However, changing the clock frequency by a factor of k changes the amount of time it takes for
the operation to complete by a factor of 1/k. Since Energy = Power*Time, the net scaling in
energy/operation in the logic is
k
2
.
For the scaling above, the energy per operation becomes
(1
J
+ 0
.
1(2)
J
)(18
/
20)
2
= 0
.
972
J
compared to
1
.
2
J
in the original.
A more substantial energy efficiency improvement can be gained by pipelining the combina
tional logic. When pipelining, the critical path is reduced which allows the clock rate to be
increased without changing
V
dd
. Since this application does not require a clock rate increase,
the clock frequency and
V
dd
can both be scaled down from the new clock frequency made pos
sible by pipelining. The total amount of time an operation take to get through the pipeline
changes to become the number of pipeline stages * the delay through each pipeline stage.
This changes the energy/op scaling factor because power is scaled by
k
3
but time/op is now
scaled by
n/k
. This leads to energy/op scaling by
nk
2
.
Let’s divide the combination logic into 2 equal parts (from the perspective of delay) and insert
a pipeline register between them. We incur the additional energy use of the pipeline register
but can now reduce the combinational logic delay to 8 ns. This leads to a critical path of 10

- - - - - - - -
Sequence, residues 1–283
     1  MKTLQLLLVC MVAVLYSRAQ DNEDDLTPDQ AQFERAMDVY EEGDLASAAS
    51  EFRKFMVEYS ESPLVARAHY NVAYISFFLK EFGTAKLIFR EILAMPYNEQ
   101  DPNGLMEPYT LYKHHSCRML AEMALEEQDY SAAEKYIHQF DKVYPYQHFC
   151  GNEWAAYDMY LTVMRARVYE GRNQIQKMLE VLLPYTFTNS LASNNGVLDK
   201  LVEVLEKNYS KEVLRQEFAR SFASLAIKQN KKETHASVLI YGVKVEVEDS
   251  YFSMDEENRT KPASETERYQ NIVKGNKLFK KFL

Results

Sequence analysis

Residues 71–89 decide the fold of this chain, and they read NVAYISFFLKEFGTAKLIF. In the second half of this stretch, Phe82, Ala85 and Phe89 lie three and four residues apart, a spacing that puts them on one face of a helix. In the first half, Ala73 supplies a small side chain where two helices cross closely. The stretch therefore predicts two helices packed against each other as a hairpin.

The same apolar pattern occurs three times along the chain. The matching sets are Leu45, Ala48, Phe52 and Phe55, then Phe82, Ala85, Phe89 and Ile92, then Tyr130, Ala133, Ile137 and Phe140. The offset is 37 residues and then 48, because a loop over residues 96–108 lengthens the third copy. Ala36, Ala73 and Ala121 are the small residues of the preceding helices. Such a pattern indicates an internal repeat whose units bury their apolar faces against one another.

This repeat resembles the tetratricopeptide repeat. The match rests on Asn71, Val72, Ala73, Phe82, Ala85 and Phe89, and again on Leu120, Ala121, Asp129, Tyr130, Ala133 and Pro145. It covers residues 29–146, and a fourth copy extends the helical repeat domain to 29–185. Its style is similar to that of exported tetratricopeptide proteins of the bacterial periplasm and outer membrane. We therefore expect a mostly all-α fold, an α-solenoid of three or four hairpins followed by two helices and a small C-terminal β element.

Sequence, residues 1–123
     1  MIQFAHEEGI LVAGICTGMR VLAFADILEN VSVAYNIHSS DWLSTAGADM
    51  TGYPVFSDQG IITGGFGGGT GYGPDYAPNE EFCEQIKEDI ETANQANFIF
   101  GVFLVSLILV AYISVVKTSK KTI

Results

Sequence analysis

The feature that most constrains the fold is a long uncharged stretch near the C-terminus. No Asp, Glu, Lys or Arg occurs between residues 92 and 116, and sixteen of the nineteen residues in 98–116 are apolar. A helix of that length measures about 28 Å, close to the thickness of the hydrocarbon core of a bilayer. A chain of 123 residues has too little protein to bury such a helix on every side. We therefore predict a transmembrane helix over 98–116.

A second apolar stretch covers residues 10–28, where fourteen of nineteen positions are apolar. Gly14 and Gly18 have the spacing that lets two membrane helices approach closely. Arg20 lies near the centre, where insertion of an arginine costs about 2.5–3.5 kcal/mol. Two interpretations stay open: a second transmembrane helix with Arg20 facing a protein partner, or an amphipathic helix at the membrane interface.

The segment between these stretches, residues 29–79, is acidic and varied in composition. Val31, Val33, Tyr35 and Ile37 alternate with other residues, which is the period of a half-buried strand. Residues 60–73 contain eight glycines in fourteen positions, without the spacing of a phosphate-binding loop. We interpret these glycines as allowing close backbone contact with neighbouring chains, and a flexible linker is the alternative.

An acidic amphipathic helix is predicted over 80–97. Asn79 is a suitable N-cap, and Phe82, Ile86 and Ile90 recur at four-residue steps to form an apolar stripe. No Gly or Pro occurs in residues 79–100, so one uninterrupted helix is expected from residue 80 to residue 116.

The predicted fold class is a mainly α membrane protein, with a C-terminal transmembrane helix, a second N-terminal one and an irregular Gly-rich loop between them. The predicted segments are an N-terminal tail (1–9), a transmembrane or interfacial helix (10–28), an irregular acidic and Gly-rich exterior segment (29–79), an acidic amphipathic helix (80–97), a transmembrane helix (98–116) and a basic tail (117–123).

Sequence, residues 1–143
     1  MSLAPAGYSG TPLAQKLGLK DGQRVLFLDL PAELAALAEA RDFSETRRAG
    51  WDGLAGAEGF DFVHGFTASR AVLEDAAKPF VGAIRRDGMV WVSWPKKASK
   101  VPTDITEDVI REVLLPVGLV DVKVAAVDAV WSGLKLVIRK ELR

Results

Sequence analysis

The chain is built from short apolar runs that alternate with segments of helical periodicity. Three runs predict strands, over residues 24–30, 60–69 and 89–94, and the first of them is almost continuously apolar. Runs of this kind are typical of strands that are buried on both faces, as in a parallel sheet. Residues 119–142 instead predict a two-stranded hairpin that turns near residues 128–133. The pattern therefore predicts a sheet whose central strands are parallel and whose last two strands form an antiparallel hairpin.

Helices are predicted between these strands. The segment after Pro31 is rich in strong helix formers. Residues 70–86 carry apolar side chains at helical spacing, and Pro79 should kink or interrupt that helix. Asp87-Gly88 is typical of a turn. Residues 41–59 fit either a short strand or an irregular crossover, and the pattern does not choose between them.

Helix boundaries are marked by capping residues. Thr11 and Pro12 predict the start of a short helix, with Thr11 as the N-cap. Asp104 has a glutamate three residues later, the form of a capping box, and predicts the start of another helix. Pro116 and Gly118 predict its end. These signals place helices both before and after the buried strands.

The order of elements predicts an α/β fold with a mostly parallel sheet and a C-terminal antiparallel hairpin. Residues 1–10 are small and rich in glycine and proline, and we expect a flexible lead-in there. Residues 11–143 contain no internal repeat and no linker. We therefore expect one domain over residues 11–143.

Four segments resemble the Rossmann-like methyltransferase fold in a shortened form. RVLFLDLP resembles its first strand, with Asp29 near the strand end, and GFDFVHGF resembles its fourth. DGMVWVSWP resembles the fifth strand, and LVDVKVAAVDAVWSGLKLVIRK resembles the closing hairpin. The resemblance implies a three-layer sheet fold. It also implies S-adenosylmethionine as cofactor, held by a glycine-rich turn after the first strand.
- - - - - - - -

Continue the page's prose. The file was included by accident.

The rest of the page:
ns. This allows clock frequency and
V
dd
to be scaled by a factor of
1
/
2
to reach the target clock
frequency of 50 MHz (20 ns period). The total energy per operation of this pipelined version
is
(1
J
+ 0
.
1(3)
J
)(2)(1
/
2)
2
= 0
.
65
J
.
This process can be tried again by splitting the combinational logic into n segments with n1
additional regsiters.
Assuming the combinational logic is evenly split, the critical path when pipelined by an integer
factor
n
is
16
/n
+ 2
ns. The energy/operation is
(1 + 0
.
1(1 +
n
))((16
/n
+ 2)
/
20)
2
n
To find when the energy/op is minimum, we can take the first derivative of the above expression
and get
0
.
027

0
.
704
n

2

0
.
02
n
The only real zero is at
n
≈
4
.
431
.
The second derivative is:
0
.
002 + 1
.
408
n

3
This is positive for
n
≈
4
.
431
identifying
n
≈
4
.
431
as a local minimum.
Since n must be an integer, we will look at
n
= 4
and
n
= 5
Version: 1  20190410 19:32:3107:00
EECS 151/251A Homework 7
11
For
n
= 4
, the critical path delay is
16
/
4 + 2 = 4
/
3
ns. The energy/operation is
(1 + 0
.
1(1 +
4))((16
/
4 + 2)
/
20)
2
(4)
≈
0
.
54
J
.
For
n
= 5
, the critical path delay is
16
/
5 + 2 = 26
/
5
ns. The energy/operation is
(1 + 0
.
1(1 +
5))((16
/
5 + 2)
/
20)
2
(5)
≈
0
.
5408
J
.
Therefore, the minimum energy/operation is achieved for this circuit when pipelined by a factor
of 4 yielding an energy/op of
0
.
54
J
.